London: Catholic agency calls for fair provision of Travellers sites

 The Catholic Association for Racial Justice (CARJ) issued the following statement today:

Over many centuries, Britain has become a diverse community, made up of people with different languages, religious traditions, cultures and ways of life. This diversity is both a richness and a challenge. To meet this challenge, we must learn to live together with mutual respect and with each individual and each group granting to others their rights in justice and under the law. If we acknowledge the rights of one group and ignore the rights of another, we betray that deeply British belief in fairness for all.

The situation in Essex, recently highlighted by the press, and similar situations elsewhere, are not easy for anyone. They are especially difficult for those in authority who must at times balance the competing rights of different groups. They are also difficult for those in the media who must avoid polarising people and fostering divisions. Finally, they are difficult for all those involved the dispute over conflicting rights, for in addition to asserting their own rights, they must understand the perspectives of others and work for the good of the whole community.

We have an obligation in justice to provide adequate sites for Gypsies and Travellers, just as we have an obligation in justice to provide sufficient affordable housing for the whole community. When new sites are needed, those in authority must find a way of providing these without trampling on the rights of local people already living in an area. At the same time, settled communities cannot refuse to accommodate the needs of Gypsies and Travellers.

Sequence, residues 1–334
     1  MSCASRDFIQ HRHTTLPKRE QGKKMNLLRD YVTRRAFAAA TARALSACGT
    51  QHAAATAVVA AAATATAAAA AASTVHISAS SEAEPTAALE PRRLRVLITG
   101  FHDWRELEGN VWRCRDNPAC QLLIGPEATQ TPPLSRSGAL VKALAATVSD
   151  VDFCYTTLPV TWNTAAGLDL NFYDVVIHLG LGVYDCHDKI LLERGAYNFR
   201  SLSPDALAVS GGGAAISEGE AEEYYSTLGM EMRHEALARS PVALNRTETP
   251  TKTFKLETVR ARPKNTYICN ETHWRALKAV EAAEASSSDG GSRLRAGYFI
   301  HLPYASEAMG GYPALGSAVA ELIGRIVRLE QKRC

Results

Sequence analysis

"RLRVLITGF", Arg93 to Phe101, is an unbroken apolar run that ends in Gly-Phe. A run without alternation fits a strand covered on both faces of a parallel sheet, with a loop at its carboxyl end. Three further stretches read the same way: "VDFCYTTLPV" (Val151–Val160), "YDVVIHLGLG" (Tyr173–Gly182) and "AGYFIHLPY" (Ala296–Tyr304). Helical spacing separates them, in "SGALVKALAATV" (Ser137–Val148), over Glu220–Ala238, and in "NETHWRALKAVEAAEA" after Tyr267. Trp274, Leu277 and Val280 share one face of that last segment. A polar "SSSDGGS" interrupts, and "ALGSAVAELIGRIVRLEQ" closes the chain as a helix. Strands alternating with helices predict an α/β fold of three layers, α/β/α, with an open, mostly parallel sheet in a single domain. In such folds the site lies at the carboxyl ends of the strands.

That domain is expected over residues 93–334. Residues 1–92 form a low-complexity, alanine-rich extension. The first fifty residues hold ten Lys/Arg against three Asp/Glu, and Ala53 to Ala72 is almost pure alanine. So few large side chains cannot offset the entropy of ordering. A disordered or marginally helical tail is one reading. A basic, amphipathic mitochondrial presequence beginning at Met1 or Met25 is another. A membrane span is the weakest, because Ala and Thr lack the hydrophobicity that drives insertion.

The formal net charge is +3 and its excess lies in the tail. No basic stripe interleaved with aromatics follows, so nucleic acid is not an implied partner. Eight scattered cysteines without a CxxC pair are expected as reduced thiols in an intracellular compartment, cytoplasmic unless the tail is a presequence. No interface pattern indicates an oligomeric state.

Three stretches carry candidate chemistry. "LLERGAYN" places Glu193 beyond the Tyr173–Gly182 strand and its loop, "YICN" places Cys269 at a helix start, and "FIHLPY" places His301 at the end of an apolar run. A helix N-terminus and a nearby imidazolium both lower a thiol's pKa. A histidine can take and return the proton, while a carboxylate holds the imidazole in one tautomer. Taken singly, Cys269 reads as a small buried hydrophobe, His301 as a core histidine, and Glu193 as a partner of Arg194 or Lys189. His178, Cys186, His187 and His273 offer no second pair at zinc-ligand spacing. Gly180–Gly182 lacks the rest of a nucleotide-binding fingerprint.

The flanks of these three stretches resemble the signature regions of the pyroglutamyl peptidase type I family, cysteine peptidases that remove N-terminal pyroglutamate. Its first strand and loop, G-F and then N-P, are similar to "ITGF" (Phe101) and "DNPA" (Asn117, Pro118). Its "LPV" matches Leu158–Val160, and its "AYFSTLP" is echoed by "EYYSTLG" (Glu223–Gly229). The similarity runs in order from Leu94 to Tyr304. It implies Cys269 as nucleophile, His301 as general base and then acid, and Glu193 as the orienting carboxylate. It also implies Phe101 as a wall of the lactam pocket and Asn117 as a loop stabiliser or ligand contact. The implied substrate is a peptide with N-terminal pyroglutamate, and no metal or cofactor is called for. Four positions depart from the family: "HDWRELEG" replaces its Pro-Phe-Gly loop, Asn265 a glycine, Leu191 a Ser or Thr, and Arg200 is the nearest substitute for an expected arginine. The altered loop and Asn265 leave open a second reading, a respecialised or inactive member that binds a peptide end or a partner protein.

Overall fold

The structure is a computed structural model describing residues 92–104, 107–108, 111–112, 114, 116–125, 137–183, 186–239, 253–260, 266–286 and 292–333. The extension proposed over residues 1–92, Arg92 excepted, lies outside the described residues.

The need for suitable site provision for Travellers and Gypsies has been clearly identified through the Traveller and Gypsy Accommodation Needs Assessments which each Local Authority has carried out over the past two years in line with their legal requirements. It is in our view both a moral and a legal imperative of Local Authorities to meet this identified need. This site provision is absolutely necessary if Travellers and Gypsies are to achieve adequate levels of social inclusion.

It is important that the provision of these sites is carried out in a sustainable and managed way that will best serve both the settled community and the Traveller and Gypsy communities needs.

We are saddened and alarmed by the recent comments reported in the press. Such comments are bordering on racist and may even be considered
as inciting racial hatred. This is something that must be deplored in the strongest of terms.

We all need to work together in addressing the problem of inadequate site provision and ensuring that sites are delivered. Only in this way will the problems of illegal encampments and developments be overcome.

We all have a responsibility to foster good relations between the different groups that make up our society and to create out of our diversity a cohesive community, characterised by mutual respect, understanding and cooperation for the common good of all.

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